Watch the Insane Footage of an Avalanche Engulfing a GoPro

GoPro avalanche featured

Avalanches are a terrifying experience that many don’t make it out of. But this GoPro survived and lived to tell the tale (through footage).

Photographer Brett Schreckengost was able to capture the truly incredible footage on his GoPro and eventually retrieve the device. It’s unclear how Schreckengost knew exactly where to retrieve the GoPro, though it’s likely he used a tracker, especially since this project was planned ahead of time. It’s also not the first avalanche video Schreckengost has successfully captured.

The video, taken with a GoPro Hero12 Black, even won a GoPro Award, earning Schreckengost a $1,000 prize. The footage was captured in Telluride, Colorado, according to GoPro’s post. The Instagram post also noted the video was, understandably, remotely triggered.

The spectacular footage begins with the slow rumble echoing as snow forms plumes that flow down the mountain. The video ever so slowly zooms out as the force of snow grows larger, eventually looming dangerously close to the camera. Finally, the clouds of snow overtake the GoPro, surrounding it in a gray blur. All that’s left is the whoosh of the moving snow as the video fades to black before showing the GoPro logo (at least in the version posted to the camera company’s Instagram).

Schreckengost posted more avalanche footage on his own Instagram. One black and white video shows the top of a mountain in the Dream Stream, also in Colorado, as snow cascades like a frozen waterfall. Over in Aspen, Schreckengost captured an avalanche in the Ajax Mountains. Schreckengost said in an Instagram comment the cameras were only knocked over but not buried, thankfully. He further added this was a planned avalanche mitigation and not a spontaneous event, providing possible insight into the award-winning video.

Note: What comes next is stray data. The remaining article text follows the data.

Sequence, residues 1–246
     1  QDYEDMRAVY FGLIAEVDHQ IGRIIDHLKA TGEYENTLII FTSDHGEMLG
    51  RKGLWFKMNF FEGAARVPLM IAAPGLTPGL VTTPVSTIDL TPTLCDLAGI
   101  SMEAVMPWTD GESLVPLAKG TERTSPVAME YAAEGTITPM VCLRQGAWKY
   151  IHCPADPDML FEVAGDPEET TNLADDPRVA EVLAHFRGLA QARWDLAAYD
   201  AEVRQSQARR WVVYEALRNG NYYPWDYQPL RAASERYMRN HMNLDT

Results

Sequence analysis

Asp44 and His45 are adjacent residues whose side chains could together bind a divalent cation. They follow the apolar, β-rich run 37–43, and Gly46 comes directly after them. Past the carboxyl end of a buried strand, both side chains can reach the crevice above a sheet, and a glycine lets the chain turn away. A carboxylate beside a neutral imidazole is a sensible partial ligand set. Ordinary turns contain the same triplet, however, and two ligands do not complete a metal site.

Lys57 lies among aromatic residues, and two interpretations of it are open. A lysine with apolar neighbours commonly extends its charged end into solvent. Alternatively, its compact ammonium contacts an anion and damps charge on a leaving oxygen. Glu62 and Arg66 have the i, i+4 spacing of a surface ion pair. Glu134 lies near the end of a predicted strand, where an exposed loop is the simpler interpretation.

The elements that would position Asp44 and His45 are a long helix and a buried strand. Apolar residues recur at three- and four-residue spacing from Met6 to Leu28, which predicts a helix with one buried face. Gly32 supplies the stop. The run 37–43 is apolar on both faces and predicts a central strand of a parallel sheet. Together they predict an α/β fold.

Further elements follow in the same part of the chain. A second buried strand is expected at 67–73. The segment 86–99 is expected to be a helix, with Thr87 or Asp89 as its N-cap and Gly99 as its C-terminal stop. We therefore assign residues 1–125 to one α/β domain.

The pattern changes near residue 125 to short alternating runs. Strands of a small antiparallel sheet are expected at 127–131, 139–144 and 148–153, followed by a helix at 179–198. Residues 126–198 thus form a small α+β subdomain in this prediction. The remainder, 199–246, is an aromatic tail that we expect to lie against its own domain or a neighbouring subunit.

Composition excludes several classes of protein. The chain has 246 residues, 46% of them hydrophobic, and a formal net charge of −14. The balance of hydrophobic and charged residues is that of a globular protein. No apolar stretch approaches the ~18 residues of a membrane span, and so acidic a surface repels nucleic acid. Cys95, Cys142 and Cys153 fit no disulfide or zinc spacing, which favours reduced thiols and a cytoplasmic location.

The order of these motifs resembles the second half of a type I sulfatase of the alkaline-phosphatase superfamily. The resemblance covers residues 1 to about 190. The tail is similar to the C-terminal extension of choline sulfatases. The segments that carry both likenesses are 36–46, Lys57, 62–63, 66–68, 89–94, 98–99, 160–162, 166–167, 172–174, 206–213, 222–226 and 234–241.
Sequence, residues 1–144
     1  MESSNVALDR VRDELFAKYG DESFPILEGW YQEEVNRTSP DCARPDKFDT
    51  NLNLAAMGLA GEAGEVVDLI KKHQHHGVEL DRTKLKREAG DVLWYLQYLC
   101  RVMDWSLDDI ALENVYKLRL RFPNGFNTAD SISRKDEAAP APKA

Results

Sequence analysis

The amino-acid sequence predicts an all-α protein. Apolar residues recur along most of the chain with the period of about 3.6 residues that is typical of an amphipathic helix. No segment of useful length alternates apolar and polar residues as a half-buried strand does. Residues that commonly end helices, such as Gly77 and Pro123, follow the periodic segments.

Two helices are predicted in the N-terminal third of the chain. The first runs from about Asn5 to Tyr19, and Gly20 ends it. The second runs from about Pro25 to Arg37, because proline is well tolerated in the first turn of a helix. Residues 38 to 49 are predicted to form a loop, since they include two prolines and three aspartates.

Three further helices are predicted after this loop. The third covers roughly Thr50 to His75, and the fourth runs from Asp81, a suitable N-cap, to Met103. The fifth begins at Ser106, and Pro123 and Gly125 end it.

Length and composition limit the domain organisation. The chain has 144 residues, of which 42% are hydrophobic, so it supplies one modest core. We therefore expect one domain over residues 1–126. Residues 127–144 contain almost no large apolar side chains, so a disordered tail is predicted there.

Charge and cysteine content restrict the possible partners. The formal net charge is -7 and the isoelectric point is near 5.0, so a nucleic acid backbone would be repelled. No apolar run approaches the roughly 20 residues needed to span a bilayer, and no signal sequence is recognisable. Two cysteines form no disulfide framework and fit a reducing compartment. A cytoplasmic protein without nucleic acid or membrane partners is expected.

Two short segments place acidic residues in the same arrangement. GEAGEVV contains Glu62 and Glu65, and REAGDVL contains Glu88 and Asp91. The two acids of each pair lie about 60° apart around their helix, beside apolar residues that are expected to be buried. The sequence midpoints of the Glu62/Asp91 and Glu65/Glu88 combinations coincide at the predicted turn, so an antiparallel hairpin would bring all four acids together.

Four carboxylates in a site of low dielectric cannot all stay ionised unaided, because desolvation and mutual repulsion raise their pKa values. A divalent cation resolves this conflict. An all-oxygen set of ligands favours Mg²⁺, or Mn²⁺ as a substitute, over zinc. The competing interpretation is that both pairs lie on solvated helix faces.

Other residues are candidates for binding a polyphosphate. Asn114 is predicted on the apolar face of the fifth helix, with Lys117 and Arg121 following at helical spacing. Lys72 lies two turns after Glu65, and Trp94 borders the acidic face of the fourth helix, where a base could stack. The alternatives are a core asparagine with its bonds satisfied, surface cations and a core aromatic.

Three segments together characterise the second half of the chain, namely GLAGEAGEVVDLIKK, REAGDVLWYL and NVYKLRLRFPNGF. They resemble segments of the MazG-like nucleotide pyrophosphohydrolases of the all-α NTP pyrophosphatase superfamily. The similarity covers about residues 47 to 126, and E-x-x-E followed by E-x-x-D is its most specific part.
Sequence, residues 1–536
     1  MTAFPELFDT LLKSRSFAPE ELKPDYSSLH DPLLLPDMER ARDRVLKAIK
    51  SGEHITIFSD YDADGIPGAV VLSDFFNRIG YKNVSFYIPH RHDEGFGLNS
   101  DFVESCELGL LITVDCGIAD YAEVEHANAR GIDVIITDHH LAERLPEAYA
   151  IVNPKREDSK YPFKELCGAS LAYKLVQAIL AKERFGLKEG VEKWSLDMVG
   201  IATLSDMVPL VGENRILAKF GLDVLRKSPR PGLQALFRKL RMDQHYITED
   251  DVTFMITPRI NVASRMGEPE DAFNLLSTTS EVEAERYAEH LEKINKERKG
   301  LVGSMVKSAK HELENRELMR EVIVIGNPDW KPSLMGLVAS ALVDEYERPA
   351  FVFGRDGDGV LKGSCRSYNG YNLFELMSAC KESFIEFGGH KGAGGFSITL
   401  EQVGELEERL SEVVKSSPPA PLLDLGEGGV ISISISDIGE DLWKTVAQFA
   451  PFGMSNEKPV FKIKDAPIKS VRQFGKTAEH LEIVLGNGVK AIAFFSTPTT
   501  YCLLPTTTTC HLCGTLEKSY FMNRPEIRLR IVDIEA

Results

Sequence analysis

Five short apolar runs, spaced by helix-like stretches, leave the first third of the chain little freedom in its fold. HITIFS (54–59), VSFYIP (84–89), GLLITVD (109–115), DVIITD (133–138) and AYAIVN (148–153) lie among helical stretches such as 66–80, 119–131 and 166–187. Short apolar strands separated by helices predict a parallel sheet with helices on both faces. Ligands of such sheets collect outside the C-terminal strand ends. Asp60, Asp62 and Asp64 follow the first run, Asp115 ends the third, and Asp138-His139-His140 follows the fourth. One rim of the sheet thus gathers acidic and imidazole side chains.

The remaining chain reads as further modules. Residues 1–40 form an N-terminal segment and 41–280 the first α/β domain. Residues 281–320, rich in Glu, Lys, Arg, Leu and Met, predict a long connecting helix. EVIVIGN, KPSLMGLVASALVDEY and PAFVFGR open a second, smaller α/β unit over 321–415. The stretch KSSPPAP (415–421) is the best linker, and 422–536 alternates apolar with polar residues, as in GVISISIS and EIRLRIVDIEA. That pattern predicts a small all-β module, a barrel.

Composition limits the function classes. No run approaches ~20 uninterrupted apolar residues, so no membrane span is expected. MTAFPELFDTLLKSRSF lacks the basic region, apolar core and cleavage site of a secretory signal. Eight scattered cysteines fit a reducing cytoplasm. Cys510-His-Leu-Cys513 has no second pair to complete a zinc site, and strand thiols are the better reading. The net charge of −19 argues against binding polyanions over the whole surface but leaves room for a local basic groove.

Schreckengost’s body of work encompasses plenty more images and videos of gorgeous landscapes, many of which cover various parts of Colorado, where he’s based. Each image, whether it displays an avalanche, thawed-out wilderness, skiers, or even a historic town, offers stunning depictions of Schreckengost’s home state.

“My favorite subjects move fast and demand an intuitive, journalistic approach” Schreckengost describes on his website, “My small production team thrives in the most challenging environments and difficult to reach locations.”

That checks out.

Image credits: Photographs by Brett Schreckengost